My life is worth about $2000, give or take $500.
Oh, I don’t mean cash on the barrelhead or anything conveniently and immediately profitable like that. I mean it as an existential crisis made concrete.
New Years Eve is coming with all its usual oohs and ahhs of being captivated by a dropping ball and a single digit changing. That’s the correct time to make resolutions like join a gym, exercise, or eat more kale. The right time for the time-honored tradition of once-a-year self-reflection and thoughts of how to improve yourself so that 2018 finishes in a better fashion.
But my own ball drops tomorrow, December 29, as the last pay day of the year posts. Drops and bounces away into 2018, leaving me with an IOU for 2019.
For outside a Capra moment, there will be about a $2500 shortfall that my 120-hour, two weeks pay won’t meet. The math just isn’t there. So I will pay what I can, trying to triage my cut arteries the best I can, hoping to stave off eviction, repossession, and all the other unpleasantries associated with not making ends meet.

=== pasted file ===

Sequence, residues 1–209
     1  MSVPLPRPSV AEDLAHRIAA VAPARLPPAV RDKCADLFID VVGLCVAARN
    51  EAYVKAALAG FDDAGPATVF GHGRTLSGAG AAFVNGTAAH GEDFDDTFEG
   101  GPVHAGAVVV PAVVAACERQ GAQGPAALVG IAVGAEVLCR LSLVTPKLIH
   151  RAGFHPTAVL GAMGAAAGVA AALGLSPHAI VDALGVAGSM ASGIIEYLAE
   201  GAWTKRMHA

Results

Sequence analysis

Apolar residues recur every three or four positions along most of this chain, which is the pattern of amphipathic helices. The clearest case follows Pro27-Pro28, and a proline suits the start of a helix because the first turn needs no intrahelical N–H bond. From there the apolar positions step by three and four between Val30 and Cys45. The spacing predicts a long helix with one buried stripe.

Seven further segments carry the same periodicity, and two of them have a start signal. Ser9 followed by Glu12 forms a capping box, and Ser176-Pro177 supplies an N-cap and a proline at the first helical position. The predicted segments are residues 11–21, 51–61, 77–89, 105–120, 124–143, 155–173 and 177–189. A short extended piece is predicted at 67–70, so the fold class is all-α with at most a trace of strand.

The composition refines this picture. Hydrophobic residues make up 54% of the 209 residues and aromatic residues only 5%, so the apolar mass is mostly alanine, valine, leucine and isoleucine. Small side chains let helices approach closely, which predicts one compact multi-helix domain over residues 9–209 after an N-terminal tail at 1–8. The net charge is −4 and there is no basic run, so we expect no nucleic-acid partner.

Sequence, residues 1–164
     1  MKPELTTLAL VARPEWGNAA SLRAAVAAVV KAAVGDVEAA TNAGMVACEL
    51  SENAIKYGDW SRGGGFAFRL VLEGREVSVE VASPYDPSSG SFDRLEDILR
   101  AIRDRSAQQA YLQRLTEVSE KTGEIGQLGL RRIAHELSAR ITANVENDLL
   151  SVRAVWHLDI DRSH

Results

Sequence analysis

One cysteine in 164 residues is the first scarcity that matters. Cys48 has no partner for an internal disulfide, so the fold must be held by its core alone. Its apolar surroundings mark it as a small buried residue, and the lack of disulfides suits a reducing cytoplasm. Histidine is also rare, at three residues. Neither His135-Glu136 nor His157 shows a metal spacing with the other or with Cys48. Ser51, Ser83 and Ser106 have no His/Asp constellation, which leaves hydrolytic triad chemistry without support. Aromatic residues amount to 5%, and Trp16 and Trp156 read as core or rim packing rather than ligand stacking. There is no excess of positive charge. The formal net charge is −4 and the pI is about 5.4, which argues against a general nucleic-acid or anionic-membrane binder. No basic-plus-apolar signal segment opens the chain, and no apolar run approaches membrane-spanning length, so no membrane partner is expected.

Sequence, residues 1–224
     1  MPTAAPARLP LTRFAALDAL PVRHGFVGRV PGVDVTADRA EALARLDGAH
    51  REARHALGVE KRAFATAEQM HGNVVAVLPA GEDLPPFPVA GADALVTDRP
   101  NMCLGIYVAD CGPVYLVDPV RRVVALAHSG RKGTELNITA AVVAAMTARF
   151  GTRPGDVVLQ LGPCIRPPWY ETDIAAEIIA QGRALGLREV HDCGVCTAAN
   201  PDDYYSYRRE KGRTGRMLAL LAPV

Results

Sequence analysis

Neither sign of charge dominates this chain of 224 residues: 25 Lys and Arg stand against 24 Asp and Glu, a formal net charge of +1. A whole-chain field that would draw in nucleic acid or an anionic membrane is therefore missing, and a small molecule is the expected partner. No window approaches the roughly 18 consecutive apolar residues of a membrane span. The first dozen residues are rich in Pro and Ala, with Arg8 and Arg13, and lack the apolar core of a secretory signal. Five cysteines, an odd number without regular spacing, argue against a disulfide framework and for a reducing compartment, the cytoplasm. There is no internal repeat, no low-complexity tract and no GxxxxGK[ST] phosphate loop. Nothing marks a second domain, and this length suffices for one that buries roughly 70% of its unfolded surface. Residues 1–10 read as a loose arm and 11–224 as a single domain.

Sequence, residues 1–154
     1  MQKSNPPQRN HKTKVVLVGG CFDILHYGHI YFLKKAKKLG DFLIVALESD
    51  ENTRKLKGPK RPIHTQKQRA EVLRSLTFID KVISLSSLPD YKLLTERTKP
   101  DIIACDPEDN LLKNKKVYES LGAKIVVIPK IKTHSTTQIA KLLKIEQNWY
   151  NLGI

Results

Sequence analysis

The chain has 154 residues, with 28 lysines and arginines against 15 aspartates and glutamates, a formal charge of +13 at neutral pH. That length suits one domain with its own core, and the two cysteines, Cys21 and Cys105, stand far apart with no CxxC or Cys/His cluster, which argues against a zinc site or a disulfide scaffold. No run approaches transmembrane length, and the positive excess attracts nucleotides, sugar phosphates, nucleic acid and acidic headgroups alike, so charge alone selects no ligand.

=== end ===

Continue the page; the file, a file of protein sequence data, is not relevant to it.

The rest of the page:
Which ironically includes, of course, having extra fees and interest added on, since the penalty for not being able to pay enough on one’s debt is being required to pay even more. Breaking the cycle of poverty requires making enough to not only stay solvent through immediate debt, but enough to break the hands of those who want to keep you there.
So how do I do that?
That’s the metaphysical question that ways most heavily on me, far overshadowing fear of death, middle-aged blues, and trying to write the Great American Novel.
I’ve never been good at making money hand-over-fist.
What I’ve been good at is showing up on time and working hard. At working holidays like Thanksgiving, Christmas Eve and Christmas Day. At giving a damn and adding as many hours as I can, while sleeping as little as possible.
But that’s not working smarter, is it? It’s just turnip-squeezing.